Civilized cities already have very good noise regulations in place but they do not address excessive bass. In Europe, noisy cars aren’t even allowed to enter certain city centers, which I think is a wonderful thing. And yet no one directly addresses the problem of excessive bass. I don’t think the measures to be put in place should be complicated. Let’s not have to measure the decibels or the frequency of the sounds. The measure to be used should be as simple as possible. Is the sound traveling through the wall or the window of the house? Can it be heard on the street, or by the neighbors? Then it’s too loud. In the case of cars, is the sound of their stereos coming through the car’s body? Can it be heard on the street, even if the windows are up? Then it’s too loud.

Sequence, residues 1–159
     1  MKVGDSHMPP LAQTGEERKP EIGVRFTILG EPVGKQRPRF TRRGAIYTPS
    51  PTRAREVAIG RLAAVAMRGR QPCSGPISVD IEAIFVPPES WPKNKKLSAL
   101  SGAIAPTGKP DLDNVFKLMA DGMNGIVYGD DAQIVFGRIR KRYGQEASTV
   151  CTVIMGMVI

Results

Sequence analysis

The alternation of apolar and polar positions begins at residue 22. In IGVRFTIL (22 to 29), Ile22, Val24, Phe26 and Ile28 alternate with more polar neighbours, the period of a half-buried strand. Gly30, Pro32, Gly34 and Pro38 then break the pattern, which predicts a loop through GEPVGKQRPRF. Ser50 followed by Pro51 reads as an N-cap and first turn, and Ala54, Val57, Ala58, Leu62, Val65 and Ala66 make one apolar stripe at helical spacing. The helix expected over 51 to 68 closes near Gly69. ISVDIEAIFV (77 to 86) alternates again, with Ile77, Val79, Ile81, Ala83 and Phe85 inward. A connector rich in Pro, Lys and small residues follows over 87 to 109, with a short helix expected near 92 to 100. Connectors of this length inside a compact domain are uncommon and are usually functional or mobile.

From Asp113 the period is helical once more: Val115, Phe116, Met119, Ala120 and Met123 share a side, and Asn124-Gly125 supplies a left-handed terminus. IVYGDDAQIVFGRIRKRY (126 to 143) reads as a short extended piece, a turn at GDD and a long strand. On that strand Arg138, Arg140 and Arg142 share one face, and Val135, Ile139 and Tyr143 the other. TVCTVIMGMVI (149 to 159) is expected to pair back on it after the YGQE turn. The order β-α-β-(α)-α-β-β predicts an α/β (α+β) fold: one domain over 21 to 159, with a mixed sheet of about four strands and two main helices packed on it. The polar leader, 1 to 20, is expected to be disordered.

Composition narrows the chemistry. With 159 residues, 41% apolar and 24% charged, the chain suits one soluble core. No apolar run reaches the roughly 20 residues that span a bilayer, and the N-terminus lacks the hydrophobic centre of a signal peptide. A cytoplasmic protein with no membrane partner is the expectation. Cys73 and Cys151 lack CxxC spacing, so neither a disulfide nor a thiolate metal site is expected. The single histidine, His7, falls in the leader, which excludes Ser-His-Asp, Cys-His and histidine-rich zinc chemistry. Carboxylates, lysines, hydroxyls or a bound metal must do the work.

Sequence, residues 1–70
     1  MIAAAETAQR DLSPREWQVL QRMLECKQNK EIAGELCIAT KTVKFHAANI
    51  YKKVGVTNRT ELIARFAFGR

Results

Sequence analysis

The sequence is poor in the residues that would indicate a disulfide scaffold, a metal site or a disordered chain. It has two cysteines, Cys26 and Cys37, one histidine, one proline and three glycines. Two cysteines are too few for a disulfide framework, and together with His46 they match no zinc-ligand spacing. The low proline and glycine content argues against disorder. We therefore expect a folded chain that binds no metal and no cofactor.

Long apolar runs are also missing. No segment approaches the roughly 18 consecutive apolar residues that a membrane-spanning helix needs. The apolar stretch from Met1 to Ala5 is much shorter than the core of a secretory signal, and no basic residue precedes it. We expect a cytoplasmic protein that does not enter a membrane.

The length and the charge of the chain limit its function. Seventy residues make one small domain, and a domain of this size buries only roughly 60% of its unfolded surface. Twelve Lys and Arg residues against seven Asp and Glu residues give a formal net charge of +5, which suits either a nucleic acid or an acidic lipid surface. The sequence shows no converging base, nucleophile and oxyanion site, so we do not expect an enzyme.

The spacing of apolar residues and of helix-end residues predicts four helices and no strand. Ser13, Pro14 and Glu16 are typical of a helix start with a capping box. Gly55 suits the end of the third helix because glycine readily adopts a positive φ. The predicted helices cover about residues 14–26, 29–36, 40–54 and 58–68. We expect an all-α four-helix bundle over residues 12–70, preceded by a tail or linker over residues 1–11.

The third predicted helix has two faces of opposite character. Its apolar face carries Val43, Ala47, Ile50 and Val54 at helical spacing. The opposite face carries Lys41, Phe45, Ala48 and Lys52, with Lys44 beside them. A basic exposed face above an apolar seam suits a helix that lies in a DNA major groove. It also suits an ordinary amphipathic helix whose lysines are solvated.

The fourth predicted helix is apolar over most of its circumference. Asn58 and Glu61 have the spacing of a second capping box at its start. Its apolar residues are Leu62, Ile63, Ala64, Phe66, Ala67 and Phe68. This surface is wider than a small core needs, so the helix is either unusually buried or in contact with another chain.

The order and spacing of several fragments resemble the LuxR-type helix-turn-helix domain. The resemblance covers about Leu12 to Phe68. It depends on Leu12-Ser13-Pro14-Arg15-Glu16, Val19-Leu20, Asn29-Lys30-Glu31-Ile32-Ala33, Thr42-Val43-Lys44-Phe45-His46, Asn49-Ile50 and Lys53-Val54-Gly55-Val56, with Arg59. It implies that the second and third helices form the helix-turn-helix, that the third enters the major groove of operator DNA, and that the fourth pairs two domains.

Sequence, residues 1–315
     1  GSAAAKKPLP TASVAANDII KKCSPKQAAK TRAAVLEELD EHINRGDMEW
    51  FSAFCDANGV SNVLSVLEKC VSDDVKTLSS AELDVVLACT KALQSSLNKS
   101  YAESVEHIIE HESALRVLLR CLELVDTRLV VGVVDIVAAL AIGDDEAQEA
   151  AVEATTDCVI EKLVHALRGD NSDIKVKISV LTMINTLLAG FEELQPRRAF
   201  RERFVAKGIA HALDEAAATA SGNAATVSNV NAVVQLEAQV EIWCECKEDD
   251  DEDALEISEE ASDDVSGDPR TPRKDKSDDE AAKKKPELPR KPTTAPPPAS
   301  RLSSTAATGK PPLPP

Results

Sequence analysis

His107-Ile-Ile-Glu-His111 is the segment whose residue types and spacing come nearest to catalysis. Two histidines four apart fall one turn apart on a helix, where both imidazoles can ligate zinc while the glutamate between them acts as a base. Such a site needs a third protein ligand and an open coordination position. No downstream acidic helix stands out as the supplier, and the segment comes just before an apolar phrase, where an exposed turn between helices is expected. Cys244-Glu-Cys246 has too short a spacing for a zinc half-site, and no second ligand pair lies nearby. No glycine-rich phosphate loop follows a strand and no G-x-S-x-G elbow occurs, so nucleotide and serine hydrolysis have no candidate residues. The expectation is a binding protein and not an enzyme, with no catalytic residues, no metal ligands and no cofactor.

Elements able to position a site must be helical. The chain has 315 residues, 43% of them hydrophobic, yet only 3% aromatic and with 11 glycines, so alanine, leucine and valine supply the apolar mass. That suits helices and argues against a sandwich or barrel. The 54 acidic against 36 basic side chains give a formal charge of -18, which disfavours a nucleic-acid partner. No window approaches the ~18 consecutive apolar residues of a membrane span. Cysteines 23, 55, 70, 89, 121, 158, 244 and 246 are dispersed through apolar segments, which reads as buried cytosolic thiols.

Let us start to penalize excessive bass with excessive fines. The manufacturers, the studios and the people listening to music will follow suit, unless they enjoy paying hefty, wallet-burning fines.

Modern lawn care: a lot of hot air

One of the things I strongly believe in is the need for manual labor, especially during these highly industrialized times. I believe such work yields better results and it keeps us grounded, in touch with the earth from which we ultimately draw our living. I dislike the “modern” methods of lawn care, where one uses hedge trimmers and leaf blowers to do a job which can be done much more adequately by simpler, manual tools such as a broom and a pair of hedge scissors.